By 1888, the technology of the phonograph, and the medium of the phonograph cylinder, were established as market-ready. What was the imagined potential of this media technology in relation to known modes of communication and expression? This article recounts how “The Phonogram” or phonographic letter was prototyped from 1887 to 1892 through the efforts of Thomas Alva Edison and his London agent George Gouraud. Edison’s prototyping work and Gouraud’s efforts in developing recordings, scripts for phonogramic speeches, and formats for typographical transcription of the cylinder recordings represent a rich case study for documenting the nature and significance of their efforts to consolidate the medium and define the generic parameters of the phonogram (a speech recording) as a distinct form of global communication. By theorizing the relationship between late-Victorian concepts of medium, format and genre, respectively, and by interpreting the “first phonogramic poem” (16 June 1888) as an articulation of the meaning of sound recording at the historical moment that it arrived as a viable media technology, this article helps explain how sound recording technologies were imagined in relation to specific genres of communication. Drawing upon periodical literature, and documentation available through the Thomas Edison Papers archive—including phonogramic transcripts and speeches, marketing and foreign business strategies, patent applications, and packaging and design documents—this article explains, in particular, the generic and rhetorical protocols that informed the attempt to establish the phonogram as a new medium of intimate communication and international correspondence.
Joanne Wilkes, “The Implications of the Cricket Match in Anthony Trollope’s The Fixed Period (1882)”
Anthony Trollope’s late novel The Fixed Period (1882), set a century in the future in a fictional South Pacific island, has often puzzled readers. It deals with a policy of compulsory euthanasia in the politically independent island of Britannula, a policy that is overturned when the island is taken over by Britain. My article aims to explain an odd interlude in the novel: a cricket match in Britannula between a local and an English team. Drawing on the history of cricket matches between England and its antipodean colonies around the time of the novel’s composition, I argue that the cricketing interlude serves to highlight the text’s take on the Britannulans. This community, living a hundred years in the future, claims to be autonomous, but it possesses a mindset still governed by a sense of Britain as the “mother country.” Hence Trollope emphasizes how difficult it is for settler societies to shake off such attitudes and ties.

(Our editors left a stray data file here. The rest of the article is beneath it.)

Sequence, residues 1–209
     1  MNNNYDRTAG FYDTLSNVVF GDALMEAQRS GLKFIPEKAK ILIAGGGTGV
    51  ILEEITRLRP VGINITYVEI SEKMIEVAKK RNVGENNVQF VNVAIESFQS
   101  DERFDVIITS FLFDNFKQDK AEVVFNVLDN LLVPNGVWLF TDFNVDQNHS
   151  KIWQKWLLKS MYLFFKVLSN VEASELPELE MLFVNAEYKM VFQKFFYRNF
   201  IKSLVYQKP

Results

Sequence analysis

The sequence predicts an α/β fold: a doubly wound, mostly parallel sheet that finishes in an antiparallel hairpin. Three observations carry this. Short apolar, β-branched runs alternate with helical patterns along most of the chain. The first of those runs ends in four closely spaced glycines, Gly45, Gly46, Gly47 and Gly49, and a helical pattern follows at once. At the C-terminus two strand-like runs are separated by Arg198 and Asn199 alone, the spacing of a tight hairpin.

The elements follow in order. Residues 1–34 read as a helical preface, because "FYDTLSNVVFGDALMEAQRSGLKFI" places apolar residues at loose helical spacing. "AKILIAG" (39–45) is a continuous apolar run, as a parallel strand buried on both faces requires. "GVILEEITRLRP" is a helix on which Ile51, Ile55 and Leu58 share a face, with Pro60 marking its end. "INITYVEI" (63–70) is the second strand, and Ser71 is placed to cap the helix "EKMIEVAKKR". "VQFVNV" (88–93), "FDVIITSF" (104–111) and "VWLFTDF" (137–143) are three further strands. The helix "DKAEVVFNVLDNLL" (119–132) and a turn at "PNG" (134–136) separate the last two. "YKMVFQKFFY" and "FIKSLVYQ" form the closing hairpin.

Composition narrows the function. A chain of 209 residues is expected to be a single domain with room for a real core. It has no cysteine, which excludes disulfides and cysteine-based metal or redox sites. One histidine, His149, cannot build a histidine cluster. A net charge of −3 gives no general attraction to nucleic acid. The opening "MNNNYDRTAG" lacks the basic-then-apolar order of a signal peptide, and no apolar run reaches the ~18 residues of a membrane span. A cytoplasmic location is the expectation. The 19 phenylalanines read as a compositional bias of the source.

Philip Steer, “On Systematic Colonization and the Culture of Settler Colonialism: Edward Gibbon Wakefield’s A Letter from Sydney (1829)”
In 1829, Edward Gibbon Wakefield published his first statement of a “systematic” theory of settler colonization, A Letter from Sydney: The Principal Town of Australasia. Wakefield offered a novel economic theory of the relationship between population density and successful colonization, hinging on the establishment of a minimum or “sufficient” price on colonial land, and he spent the next few decades at the forefront of efforts to promulgate and profit from it. The theory of systematic colonization was first put into practice in 1836 in the new colony of South Australia, and then more extensively in New Zealand in 1839; in both cases, speculative mania in Britain precipitated the invasion of thousands of settlers, even though the settlements were as yet unmapped. Wakefield’s theories were also at the center of a new imperial imaginary that emerged in Britain by the 1850s, which established Australia and New Zealand as pastoral locations capable of restoring damaged British subjects. In spurring the vast expansion of migration to Australia and New Zealand, contributing to the genocide and dispossession of indigenous populations, and accelerating the destruction of local ecosystems, systematic colonization constitutes one of the most powerful and destructive examples of the ability of Victorian representations to permanently reshape the globe.